1-34 Building a Sustainable Workforce in the Public Transportation IndustryâA Systems Approach PROFESSIONAL CAPACITY-BUILDING STRATEGY 2 Establish Regular Management Retreats, Workshops, and Leadership Events Description Key Implementation Steps Sample Programs The innovative ideas required to address management and operational challenges facing the public transportation industry can come from leaders at any level of the organization. It is important that transit leaders can break down silos, or barriers that form because of structural or functional divisions in the organization, in a forum that supports the exchange of ideas and lessons learned. To accomplish this, organizations in the public transportation industry can establish regular events at conference facilities or remote locations where managers and leaders from across the organization can receive targeted training, discuss issues that transcend functional areas, share best practices, and plan and prepare for upcoming challenges. Such events can be led by internal subject matter experts or external facilitators and can facilitate the development of strategic and business plans, establish short- and long-range organizational goals and objectives, resolve leadership conflicts, and promote teamwork (Institute for Public Service and Policy Research, n.d.). These off-site events also provide an excellent opportunity for transit staff to gain exposure to experts from other organizations or business leaders from outside the public transportation industry. However, without clearly stated goals and an accepted agenda, retreats and workshops could digress into a costly and unproductive exercise. The content and frequency of events should align with cross-functional business objectives and include both internal leaders and outside experts able to provide relevant insight into the selected subject. By varying presentation methods, allowing ample time for participants to process and discuss presented material, and breaking up into groups to solve practical organizational problems, transit organizations can keep participants engaged and maximize the lasting impact of the events. It is also important to synthesize the results of any workshop and provide these results to participants (and potentially others in the organization) to encourage employees to incorporate the lessons learned into their everyday work. Note: Off-site events/retreats that are lavish or excessive have the potential to draw criticism from union leaders and members. â¢ Determine annual management event budget. â¢ Identify and rank critical issues to address in retreat or workshop. â¢ Develop explicit goals and an agenda for event. â¢ Select timing of event based on objectives (e.g., early year goal setting). â¢ Identify leaders whose input would be relevant and valuable (i.e., inside and outside the identified unit). â¢ Locate an appropriate facility based on technology requirements and expected attendance. â¢ Schedule meeting and invite participants. â¢ Summarize, evaluate, and distribute results and next steps, including dates for future meetings. â¢ North Carolina DOT Transportation Supervisor Conference: Holds a conference designed to improve the technical knowledge and skills of transportation supervisors. â¢ 2011 Oklahoma State University (OSU) RTAP Training Retreat: In collaboration with the South West Transit Association, RTAP coordinated a 3-day leadership training at a resort in Oklahoma. Covered topics included the conflict-managing manager, performance improvement, and budget management. â¢ Institute for Public Service and Policy Research: Has provided a guide for public-sector leaders to plan and conduct successful retreats. It covers questions regarding location, length, facilitation, participants, setup, and more. http://www.ipspr.sc.edu/grs/A%20Gui de%20to%20Planning%20and%20Con ducting%20Successful%20Retreats.pdf PROFESSIONAL CAPACITY-BUILDING STRATEGY 1 Develop a Management University/Academy Description Key Implementation Steps Sample Programs While organizations across the transportation industry face high rates of retirement from senior levels, many tend to emphasize technical competence when determining employee advancement (U.S. Department of Labor, 2010). By establishing an on-site management university, public transportation organizations can work to build a robust supply of internal candidates to fill leadership positions that become available at multiple levels. Though not necessarily accredited universities, internal management universities mimic an academic curriculum by guiding leaders through a set of courses tied to formal learning objectives. These programs are geared to help the participants acquire specific managerial competencies such as directing, motivating, developing, evaluating, and providing recognition to employees. This approach helps transit capitalize on the technical expertise of existing workers, particularly high potentials, by growing effective managers in-house. By offering the curriculum in- house or selecting transit-focused vendors and resources, public transportation organizations can educate current and future leaders on transit-specific management and operational skills along with general leadership skills. A unified public transportation management curriculum promotes a common leadership culture and links employee development to the organizationâs overall strategy. In addition to instructor-led classroom and online training, programs can include workshops, online meetings and discussion groups, small group projects, guest speakers, and initiatives to address challenges facing women or minorities. Note: Union jobs are unlikely to be directly affected. However, union membership can provide important input in helping define what is perceived as an effective transit leader. â¢ Form an oversight committee of key stakeholders (e.g., executive leadership team) to establish vision and determine competencies needed for success in management positions. â¢ Determine units and positions that will be eligible to participate based on succession planning or gap analysis. â¢ Develop a process to select participants based on organizational needs and individual goals (e.g., IDPs, supervisory input). â¢ Develop course delivery modes and materials to train leadership competencies, or conduct a market study to select outside vendors to provide training. â¢ Allocate technology and other resources to implement training. â¢ Communicate vision and purpose to employees and engage participants. â¢ Evaluate impact of courses on management effectiveness. â¢ Leadership DART: An accelerated development program for supervisors and managers designed to create a pool of professionals capable of leading Dallas Area Rapid Transit (DART) in the future. Each year, a limited number of qualified employees are selected to participate in a special curriculum combining intensive workshops, classes, individual projects and assignments, and web- based opportunities to learn about the challenges, demands, opportunities, and hot topics of the industry, as well as organizational leadership in general. â¢ Leadership APTA: The APTAâs annual yearlong program designed to develop and support the next generation of leaders. http://www.apta.com/members/memberprogramsandse rvices/leadershipapta/Pages/default.aspx â¢ Orange County Transportation Authority Leadership Development Academy: As part of a strategic plan to invest in professional development, OCTA developed this academy to increase employee loyalty and internal hiring. It took about 6 months to develop the program and 1 year to complete the first cohort. â¢ Veolia Supervisory and Management Training Program: Offers a range of supervisory and management classes for employees on a flexible schedule so employees can attend when able. The in-person training allows employees to interact with their peers at other transit properties and learn from their experiences. Table 1-5. Professional capacity-building strategies.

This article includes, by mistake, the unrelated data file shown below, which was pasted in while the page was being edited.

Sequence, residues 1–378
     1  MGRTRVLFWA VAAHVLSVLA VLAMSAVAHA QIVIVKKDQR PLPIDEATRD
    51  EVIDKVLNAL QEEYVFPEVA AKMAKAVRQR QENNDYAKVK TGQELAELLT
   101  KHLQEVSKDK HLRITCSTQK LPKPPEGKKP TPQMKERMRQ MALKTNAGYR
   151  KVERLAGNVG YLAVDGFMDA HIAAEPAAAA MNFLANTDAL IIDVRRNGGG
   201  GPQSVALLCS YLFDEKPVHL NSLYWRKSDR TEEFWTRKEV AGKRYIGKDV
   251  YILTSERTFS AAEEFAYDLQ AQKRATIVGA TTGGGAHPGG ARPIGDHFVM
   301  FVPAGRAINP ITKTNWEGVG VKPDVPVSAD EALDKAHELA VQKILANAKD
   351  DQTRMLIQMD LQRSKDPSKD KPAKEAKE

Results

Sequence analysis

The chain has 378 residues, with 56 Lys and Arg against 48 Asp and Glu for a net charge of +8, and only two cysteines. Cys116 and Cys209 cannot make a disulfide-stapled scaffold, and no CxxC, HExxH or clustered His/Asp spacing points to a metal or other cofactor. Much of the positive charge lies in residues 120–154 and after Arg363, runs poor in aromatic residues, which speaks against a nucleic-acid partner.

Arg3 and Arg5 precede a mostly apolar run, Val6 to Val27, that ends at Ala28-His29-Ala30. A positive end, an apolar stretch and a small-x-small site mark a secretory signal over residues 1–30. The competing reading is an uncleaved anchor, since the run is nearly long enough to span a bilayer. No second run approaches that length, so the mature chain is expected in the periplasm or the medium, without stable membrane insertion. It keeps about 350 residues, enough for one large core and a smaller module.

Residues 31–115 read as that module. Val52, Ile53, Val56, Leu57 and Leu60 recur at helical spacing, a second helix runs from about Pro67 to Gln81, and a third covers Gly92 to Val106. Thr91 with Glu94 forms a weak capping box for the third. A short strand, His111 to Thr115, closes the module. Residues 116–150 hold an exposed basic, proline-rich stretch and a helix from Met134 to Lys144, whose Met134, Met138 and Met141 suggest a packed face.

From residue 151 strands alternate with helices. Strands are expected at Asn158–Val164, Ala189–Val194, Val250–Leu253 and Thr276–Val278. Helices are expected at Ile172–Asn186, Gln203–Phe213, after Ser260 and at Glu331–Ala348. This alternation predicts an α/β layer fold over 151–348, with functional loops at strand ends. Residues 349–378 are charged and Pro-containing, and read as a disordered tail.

Module 1: Tailor effective Strategies into Workforce Practices 1-35 PROFESSIONAL CAPACITY-BUILDING STRATEGY 3 Use Competency-Based Leader Selection and Training Description Key Implementation Steps Sample Programs When selecting transit managers, the public transportation industry typically prioritizes time spent in a related position. This experience often serves as the primary source of training for transit managers (U.S. Department of Labor, 2010). Similarly, competency models developed for transportation leaders have tended to focus on technical and logistical competencies rather than leadership competencies (CareerOneStop, 2012). Without a more balanced approach to assessing leadership potential, a public transportation organization could face demoralization of employees at all levels and difficulty achieving its mission. To ensure that leaders with long-term growth potential are developed, transit organizations should select, train, and promote leaders based on the broader set of competencies (a measurable pattern of knowledge, skills, abilities, behaviors, and other characteristics) needed to succeed at the organizationâs higher levels, rather than focusing on technical skills or seniority alone. Breaking down leadership functions into core competencies can enable the public transportation organization to make more objective hiring and promotion decisions in order to develop a larger pool of leaders ready to step into mid-level and senior leadership positions. To achieve this, public transportation organizations must first analyze and build consensus on the competencies required for leaders in the organization through means such as incumbent questionnaires, critical incident investigations, and job observations, then integrate the developed model into their recruitment, selection, and training processes. Although some public transportation organizations may have qualified experts on staff, others would want to engage vendors experienced in job analysis or competency modeling to assist in determining their specific leadership competencies. Once the framework is developed, HR personnel and managers can be trained to evaluate candidates and current employees based on the desired competencies and incorporate the competencies into training and development programs. Note: Labor and management can partner to provide valuable input into competency-based leader selection. â¢ Identify relevant senior leaders to guide competency development. â¢ Identify internal HR staff or an external vendor to assist with developing leadership competencies. â¢ Conduct questionnaires, critical incident investigations, and job observations to uncover relevant tasks and KSAs. â¢ Leadership committee should group tasks and KSAs into potential competencies and rate them based on importance and frequency. â¢ Based on ratings, retain competencies that are deemed crucial for leaders. â¢ Establish policies for using competencies in employee selection and promotion. â¢ Communicate competencies and address potential resistance due to corporate culture. â¢ Develop/modify leader training to prioritize these competencies. â¢ Maryland SHA ALP: The ALP is a 2-year leadership training program that employees must apply to and be accepted into. Focuses on four development areas: leadership, career, personal, and community. â¢ Minnesota DOT Individual Competencies: Program that focuses on professional development, skill needs, and workforce planning for maintenance workers. http://www.nhi.fhwa.dot.gov/transworkforce/i p_mn2.pdf â¢ Office of Personnel Management (OPM) Job Analysis Tools: OPM provides tools and case studies to assist with job analysis and linking tasks and KSAs to competencies. http://www.opm.gov/hiringtoolkit/docs/joban alysis.pdf â¢ National Center for Intermodal Transportation: National Center for Intermodal Transportation researchers developed a model of nine competencies for highly effective managers across the transportation industry. http://ncit.msstate.edu/publications/reports/re ports_64_Sherry_Durr_Competency_Model.h tml Table 1-5. (Continued). (continued on next page) PROFESSIONAL CAPACITY-BUILDING STRATEGY 4 Implement Mentoring/Coaching Programs for Leaders Description Key Implementation Steps Sample Programs Many public transportation employees hold a wealth of knowledge and experience that is never passed down to those just beginning transit careers. Formal mentoring and coaching programs enable more experienced leaders to relay their experience to junior leaders in a way that supports the less experienced employeeâs development and strengthens that employeeâs performance and commitment to the organization (Anderson et al., 2010). Although the terms are sometimes used interchangeably, mentoring and coaching are separate constructs. Mentoring typically refers to a longer-term relationship focused on providing personalized guidance about job expectations and goal setting, hands-on training, job shadowing, and performance feedback on a regular basis. Coaching is often more task- or project-focused and geared toward helping the employee achieve a short-term objective (U.S. Office of Personnel Management, n.d.b.). Although both can benefit employees at all levels, mentoring junior leaders with high potential to move into more senior leadership roles is especially important for the professional capacity of the organization. Mentoring leaders can help provide them with practical knowledge, exposure to the mentorâs network within the organization, and a general boost in morale and productivity. When senior leadership roles become available, mentored employees should be better prepared for the demands of such a role and could transition into them more easily. Mentoring can also help provide greater opportunity for diverse leaders, which is an important aspect of professional capacity building. If desired, mentees can be paired with members of the same minority group to serve as role models and discuss leadership challenges or opportunities relevant to that group. Note: Management positions are rarely part of a collective bargaining agreement, but since labor may be involved in a mentoring relationship, unions should be engaged in the process of making mentoring assignments. â¢ Determine requirements for mentor and mentee participation (e.g., management level, top performer). â¢ Develop activities, program guidelines, and tips for participants to follow (e.g., meet once a month, complete two activities). â¢ Promote program internally through newsletters or e- mails. â¢ Select participants that meet specified qualifications. â¢ Match mentors and mentees based on roles, interests, schedules, and location, or allow them to locate their own partners. â¢ Request participant feedback on positive and negative experiences to help improve the program. â¢ Mentor Network Program: Formal mentoring program where participants are provided with biographies of potential mentors/mentees and allowed a short window of time to sit and talk one-on-one (similar to a speed-dating approach). If there is a match, the relationship begins. â¢ OATS, Inc.: Unstructured and informal program where individuals close to retirement mentor their successors; emphasized in higher-level management. â¢ Pennsylvania DOT Succession Planning for At- Risk Positions: Identifies high-level positions that may soon become vacant for various reasons, then identifies internal candidates to fill these positions. Internal candidates enter a mentoring program or a job training program to prepare for work in a high- level position. â¢ Johnson and Johnson Services, Inc.: Offers mentoring programs across the company to support employee development and capitalize on its diverse workforce. They use a web-enabled tool called Mentoring Works! to support engagement and knowledge management. http://www.jnj.com/connect/about- jnj/diversity/programs